Tower Of Hanoi Test: What Is It And What Does It Measure?

This test assesses the mental skills involved in problem solving.

Hanoi tower

The psychological tests to measure all kinds of constructs are many and varied. Most of them use questionnaires or interviews that the evaluated person must complete or fill out following a series of guidelines; while others, of a much more practical nature, urge the person to carry out a series of practical exercises which reflect a whole range of cognitive abilities and capacities.

One of these tests is the Tower of Hanoi test, an activity that was originally conceived as a mathematical problem but which with the passage of time was introduced into the field of psychological evaluation to measure mental processes typical of executive functions .

What is the Tower of Hanoi Test?

There are a large number of tests designed to assess skills such as planning ability and executive functioning. One of them is the Tower of Hanoi Test. The test measures some aspects of executive functions since, to complete it, the person needs to anticipate and solve the unknown cognitively, before making any movement.

This test was created in 1883 by the French-born mathematician Edouard Lucas. Lucas was inspired by a Hindu temple, as well as the history of its creation, to elaborate the characteristics of the test, as well as the three towers that make up the test. These characteristics have remained practically intact from the moment of its creation. However, it was not until 1975 when it began to be used with the aim of understanding people’s behavior and evaluating different skills and strategies during problem solving.

The characteristics of which we spoke previously, and that have given this test a certain fame, are both the speed and the ease of application, as well as the simplicity of the evaluation, the analysis of the results and the interpretation of these.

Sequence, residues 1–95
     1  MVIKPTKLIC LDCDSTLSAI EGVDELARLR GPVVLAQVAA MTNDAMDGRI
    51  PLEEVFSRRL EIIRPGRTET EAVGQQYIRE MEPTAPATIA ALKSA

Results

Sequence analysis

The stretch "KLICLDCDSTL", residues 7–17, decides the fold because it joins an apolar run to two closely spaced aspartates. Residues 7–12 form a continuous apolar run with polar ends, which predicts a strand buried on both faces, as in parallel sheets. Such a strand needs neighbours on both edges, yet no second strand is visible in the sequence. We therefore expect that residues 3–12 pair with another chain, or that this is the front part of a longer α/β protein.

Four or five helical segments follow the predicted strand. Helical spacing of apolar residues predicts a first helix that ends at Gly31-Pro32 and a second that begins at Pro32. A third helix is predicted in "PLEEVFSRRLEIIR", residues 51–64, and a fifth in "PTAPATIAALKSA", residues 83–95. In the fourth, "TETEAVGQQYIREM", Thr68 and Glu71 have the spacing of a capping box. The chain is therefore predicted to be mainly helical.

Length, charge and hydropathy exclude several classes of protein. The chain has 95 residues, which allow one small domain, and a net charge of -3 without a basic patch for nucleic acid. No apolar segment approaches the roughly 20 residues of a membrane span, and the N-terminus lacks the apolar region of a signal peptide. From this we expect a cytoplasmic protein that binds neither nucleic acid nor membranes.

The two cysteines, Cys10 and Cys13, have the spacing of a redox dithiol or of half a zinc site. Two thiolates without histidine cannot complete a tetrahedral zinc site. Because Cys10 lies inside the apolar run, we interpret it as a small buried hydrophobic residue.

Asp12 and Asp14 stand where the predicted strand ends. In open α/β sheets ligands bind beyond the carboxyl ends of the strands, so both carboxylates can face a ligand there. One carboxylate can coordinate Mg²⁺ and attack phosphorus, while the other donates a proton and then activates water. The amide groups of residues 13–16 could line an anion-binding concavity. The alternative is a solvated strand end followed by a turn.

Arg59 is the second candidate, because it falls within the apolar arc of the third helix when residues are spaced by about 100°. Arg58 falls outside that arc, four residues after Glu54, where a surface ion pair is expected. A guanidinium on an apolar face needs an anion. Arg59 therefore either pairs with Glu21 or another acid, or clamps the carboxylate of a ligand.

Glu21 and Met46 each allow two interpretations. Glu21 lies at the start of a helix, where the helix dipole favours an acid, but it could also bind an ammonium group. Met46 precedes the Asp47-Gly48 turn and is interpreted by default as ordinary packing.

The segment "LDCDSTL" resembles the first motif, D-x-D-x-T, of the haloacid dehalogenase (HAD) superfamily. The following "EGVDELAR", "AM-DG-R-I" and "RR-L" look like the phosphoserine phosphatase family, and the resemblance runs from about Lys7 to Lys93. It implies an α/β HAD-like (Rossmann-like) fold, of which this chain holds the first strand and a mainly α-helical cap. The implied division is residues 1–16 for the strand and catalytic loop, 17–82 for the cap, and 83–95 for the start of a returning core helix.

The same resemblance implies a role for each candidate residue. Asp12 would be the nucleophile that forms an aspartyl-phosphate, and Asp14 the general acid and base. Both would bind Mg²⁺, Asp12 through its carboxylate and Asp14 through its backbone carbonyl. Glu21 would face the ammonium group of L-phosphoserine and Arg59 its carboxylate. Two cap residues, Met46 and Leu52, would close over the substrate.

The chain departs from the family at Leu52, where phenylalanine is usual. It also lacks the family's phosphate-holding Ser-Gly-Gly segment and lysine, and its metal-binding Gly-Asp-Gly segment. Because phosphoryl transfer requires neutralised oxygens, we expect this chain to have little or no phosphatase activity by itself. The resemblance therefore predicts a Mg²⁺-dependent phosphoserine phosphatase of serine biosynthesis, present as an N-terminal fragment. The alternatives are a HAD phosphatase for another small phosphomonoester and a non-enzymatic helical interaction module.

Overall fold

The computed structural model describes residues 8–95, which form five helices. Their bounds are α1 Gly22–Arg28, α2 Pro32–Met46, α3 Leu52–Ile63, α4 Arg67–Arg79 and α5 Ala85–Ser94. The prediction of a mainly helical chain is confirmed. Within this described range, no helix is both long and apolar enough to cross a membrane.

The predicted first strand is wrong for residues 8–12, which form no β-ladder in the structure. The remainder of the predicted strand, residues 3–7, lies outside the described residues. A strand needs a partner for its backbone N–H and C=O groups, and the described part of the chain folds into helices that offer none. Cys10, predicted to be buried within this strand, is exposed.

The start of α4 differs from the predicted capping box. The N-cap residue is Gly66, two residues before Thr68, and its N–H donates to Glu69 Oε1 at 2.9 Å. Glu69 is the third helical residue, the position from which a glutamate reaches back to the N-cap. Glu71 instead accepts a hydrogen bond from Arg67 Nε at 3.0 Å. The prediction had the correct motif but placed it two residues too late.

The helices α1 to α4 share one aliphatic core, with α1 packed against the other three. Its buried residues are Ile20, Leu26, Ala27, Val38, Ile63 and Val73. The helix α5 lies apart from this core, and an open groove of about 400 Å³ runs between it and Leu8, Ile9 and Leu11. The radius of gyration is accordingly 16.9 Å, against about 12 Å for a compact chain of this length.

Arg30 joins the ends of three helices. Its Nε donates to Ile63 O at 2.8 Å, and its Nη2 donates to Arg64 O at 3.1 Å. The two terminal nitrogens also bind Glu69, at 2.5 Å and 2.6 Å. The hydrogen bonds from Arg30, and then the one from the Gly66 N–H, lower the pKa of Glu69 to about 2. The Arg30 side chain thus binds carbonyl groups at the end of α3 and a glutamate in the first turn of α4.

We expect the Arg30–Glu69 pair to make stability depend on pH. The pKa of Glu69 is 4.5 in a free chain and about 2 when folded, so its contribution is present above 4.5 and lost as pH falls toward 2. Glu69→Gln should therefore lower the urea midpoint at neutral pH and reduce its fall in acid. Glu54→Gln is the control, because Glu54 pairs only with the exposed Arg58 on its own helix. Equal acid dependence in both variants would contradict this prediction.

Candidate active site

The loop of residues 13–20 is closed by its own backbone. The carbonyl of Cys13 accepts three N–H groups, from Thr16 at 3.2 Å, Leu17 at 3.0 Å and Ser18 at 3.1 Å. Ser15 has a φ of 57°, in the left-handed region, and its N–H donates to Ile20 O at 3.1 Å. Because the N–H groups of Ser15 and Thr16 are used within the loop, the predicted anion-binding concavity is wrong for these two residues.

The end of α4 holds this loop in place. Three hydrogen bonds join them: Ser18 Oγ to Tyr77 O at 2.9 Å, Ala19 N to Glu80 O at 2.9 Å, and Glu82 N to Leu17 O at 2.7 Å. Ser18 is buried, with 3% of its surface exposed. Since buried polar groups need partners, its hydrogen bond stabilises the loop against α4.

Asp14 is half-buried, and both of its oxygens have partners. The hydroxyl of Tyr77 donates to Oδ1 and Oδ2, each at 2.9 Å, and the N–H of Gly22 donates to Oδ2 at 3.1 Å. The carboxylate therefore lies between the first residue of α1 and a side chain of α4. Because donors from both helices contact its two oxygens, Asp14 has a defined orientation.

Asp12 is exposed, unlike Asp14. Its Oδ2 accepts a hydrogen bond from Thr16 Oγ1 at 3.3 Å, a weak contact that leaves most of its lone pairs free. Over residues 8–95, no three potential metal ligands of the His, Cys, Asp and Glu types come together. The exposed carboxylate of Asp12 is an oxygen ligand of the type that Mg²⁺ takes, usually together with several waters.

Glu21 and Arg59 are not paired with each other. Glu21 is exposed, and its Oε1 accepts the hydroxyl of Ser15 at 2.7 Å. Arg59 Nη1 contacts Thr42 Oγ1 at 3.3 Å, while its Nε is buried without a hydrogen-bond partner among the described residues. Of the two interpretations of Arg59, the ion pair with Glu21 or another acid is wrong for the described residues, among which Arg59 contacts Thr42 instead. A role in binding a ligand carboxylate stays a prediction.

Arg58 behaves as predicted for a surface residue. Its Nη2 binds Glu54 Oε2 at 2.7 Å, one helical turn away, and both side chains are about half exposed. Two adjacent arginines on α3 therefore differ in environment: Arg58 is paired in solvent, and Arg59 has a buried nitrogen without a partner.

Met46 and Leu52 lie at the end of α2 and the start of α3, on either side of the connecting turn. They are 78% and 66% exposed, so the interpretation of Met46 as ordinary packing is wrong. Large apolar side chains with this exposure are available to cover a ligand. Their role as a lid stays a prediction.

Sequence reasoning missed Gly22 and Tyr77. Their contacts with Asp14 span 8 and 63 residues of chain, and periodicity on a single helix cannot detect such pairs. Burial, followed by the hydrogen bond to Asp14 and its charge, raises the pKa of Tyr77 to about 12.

The person who performs the Hanoi Towers test must solve a transformation problem for which he will need some mental effort, which will help him to reach the answer through a series of movements. To solve the enigma, the use of complex reasoning in problem solving and learning mechanisms is required.

What does the test consist of?

The purpose of the Hanoi Tower Test is to move the tower of discs along three rods that are in front of the person, from the initial configuration to a final configuration indicated by the evaluator. This tower is divided into blocks or discs, which the patient must move to restore the tower to its final position.

The second rod consists of a “support” tower that will allow the person to temporarily place the discs. However, one of the requirements of the test is that the person must perform the least number of movements possible and with the least number of errors.

In addition, the test was developed with three conditions that restrict the movements that the person can or cannot do. These restrictions are:

  • The person is not allowed to place a large disc on top of a smaller disc.